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Archive for August, 2011

The other night, I got a text from one of my fellow officers, asking if I wanted to go run Black Temple. We all want T6 for future transmogging endeavors, so I said yes and signed onto WoW to get it done. Five of us met in Shadowmoon Valley and jumped in with the intention of kicking Illidan in the pants and stealing his stuff.

I started playing this game shortly before Wrath launched, so I missed the apparently glory of BC raiding. On my very long trek to 80, I got invited to a  couple of retro raids, which is how I saw things like Ony, ZG, ZA, and Black Temple along the way. I never really had the pleasure of running those with the guild I’d just joined though, so I mostly spent those raids feeling very confused, completely unwilling to roll on any of the cool stuff, and feeling too shy to talk in raid chat. Still, I was intrigued by the entire thing, and made a note that it was something I wanted to look at again when I had the chance.

Ony, ZA, and ZG I have obviously now had far, far too many looks at. In fact, if I never see the inside of the Zuls again, it will be too soon. (Somewhere, my pally is screaming that she wants to be geared too, dammit!) But Black Temple…man that place is amazing and epic feeling, even now.

It took my group not very long at all to smash our way through the place, and we got very lucky with drops and tokens. Our pally managed to complete her T6 set, and I picked up the shoulders for mine. But even beyond the gear collecting, this was one of the most fun and relaxing nights I’ve had in WoW in a long time.

I won’t lie. Firelands has been very difficult on my raid group. We lost a great DPSer early on to boredom, had countless computer and internet problems, gotten unlucky with drops for the majority, and generally aren’t making the kind of progress we’re used to. It’s been disheartening, and it’s taken a lot of fun out of the raiding for me. But after the Black Temple run on Monday, I felt like I started last night’s Firelands raid with a much clearer head than I have in weeks. And judging by the pleasant chatter in Mumble, it seems like other people did too.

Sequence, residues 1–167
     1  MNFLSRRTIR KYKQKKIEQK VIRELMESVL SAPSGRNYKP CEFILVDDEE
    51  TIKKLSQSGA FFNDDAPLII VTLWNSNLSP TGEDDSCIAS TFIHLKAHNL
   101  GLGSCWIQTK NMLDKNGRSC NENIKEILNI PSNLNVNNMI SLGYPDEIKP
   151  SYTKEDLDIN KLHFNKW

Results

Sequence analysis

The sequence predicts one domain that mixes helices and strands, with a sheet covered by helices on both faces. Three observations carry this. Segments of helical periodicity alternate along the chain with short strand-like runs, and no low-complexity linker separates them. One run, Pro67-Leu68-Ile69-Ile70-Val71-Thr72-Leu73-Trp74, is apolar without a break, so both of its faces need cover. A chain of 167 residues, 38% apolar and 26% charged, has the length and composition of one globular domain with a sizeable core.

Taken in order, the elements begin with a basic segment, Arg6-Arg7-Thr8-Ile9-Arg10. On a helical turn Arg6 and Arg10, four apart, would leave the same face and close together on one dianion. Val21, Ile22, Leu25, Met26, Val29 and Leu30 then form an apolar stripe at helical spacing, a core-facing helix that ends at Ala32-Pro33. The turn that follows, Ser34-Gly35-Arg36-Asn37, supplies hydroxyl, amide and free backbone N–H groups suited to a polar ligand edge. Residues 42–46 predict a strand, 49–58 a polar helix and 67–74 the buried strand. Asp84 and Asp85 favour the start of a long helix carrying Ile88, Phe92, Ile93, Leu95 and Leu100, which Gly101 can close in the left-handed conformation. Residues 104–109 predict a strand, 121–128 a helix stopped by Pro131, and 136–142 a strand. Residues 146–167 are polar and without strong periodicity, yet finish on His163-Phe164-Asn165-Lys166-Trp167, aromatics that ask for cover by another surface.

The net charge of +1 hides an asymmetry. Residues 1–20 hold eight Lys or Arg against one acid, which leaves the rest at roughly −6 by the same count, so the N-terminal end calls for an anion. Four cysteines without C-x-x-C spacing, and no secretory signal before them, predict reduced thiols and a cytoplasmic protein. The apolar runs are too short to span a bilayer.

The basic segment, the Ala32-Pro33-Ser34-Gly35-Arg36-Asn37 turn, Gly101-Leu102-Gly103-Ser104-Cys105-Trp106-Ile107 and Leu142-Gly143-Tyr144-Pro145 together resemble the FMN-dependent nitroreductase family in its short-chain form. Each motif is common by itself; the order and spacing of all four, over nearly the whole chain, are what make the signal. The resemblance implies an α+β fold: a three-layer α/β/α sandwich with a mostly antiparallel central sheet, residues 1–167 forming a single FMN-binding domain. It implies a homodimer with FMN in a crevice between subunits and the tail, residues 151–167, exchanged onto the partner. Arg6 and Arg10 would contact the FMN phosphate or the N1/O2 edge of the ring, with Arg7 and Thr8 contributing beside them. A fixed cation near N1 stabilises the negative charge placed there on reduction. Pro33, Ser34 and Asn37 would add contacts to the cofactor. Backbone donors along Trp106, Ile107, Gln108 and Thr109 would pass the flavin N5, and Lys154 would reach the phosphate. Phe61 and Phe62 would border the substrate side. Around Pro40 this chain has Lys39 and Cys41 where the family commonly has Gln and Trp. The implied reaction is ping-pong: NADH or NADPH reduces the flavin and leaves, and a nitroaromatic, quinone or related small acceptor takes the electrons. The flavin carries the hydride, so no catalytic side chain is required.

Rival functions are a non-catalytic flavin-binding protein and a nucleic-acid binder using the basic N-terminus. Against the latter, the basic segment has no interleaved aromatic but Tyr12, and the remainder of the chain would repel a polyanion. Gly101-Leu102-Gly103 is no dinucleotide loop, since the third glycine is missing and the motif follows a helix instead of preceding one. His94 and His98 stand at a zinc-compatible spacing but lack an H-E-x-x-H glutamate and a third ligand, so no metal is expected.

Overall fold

This got me thinking. I haven’t run a Zul in awhile because I’m sick to death of them and needed a break. My druid is geared to the point where I don’t feel like I need to rush to get that next upgrade. So most of my recent game time has been spent collecting pets and either soloing old content or doing it with small groups. And suddenly a lot of my negative feelings about the game have lessened to the point that I actually want to go back and finish the Molten Front grind on my DK.

After playing around in the fun of Black Temple and Tempest Keep with ragtag groups or soloing Karazhan on my own, my first thought was, “Augh! Why didn’t Blizzard revamp THESE places to become five mans instead of the freaking Zuls?!” Then I realized this is the very last thing I want Blizzard to do. Inevitably if they were to update these old raids and throw them into the random dungeon finder, they too will be ruined by the monotony of being forced to run them constantly and dealing with idiot puggers while doing so.  The moment that these places lose their relaxed, non-mandatory nature is the same moment they lose what I think is their current amazing (and important!) contribution to the game.

You know how during a fancy meal, you get lemon sorbet after the first course? That’s Illidan. That’s Ulduar. That’s Karazhan. Hell, it might even be ICC.

I think the game needs the old places, not just for their sense of nostalgia, but because they serve as a palate cleanser for current content. Running them is purely for fun, not for personal or guild advancement. We can chat on Mumble about completely unrelated to the raid sort of things while running through, but we’re still doing something together as a group. Or I can listen to a podcast or audio book while I solo old stuff and curse Attumen for not dropping that damn horse. Again. But the thing is, even though I would really LIKE to see those reins drop, it doesn’t ruin my night the way a bad session of progression raiding can. I just shrug and move on, figuring that next week, surely, I will see what I want. And if I don’t feel like flying over to Kara on the next lock out….eh, no big deal. It’s not like it won’t be the week after.